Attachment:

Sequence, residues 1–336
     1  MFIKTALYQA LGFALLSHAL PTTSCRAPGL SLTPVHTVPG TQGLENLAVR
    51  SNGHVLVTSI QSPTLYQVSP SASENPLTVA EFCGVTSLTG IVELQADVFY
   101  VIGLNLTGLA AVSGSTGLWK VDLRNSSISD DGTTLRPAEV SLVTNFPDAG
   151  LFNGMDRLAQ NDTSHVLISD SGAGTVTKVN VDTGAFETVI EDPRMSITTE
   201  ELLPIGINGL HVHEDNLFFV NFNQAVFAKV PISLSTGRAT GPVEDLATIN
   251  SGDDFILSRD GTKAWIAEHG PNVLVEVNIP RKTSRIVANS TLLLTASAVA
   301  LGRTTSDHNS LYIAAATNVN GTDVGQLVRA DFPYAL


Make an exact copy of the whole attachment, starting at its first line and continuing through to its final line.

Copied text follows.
Sequence, residues 1–336
     1  MFIKTALYQA LGFALLSHAL PTTSCRAPGL SLTPVHTVPG TQGLENLAVR
    51  SNGHVLVTSI QSPTLYQVSP SASENPLTVA EFCGVTSLTG IVELQADVFY
   101  VIGLNLTGLA AVSGSTGLWK VDLRNSSISD DGTTLRPAEV SLVTNFPDAG
   151  LFNGMDRLAQ NDTSHVLISD SGAGTVTKVN VDTGAFETVI EDPRMSITTE
   201  ELLPIGINGL HVHEDNLFFV NFNQAVFAKV PISLSTGRAT GPVEDLATIN
   251  SGDDFILSRD GTKAWIAEHG PNVLVEVNIP RKTSRIVANS TLLLTASAVA
   301  LGRTTSDHNS LYIAAATNVN GTDVGQLVRA DFPYAL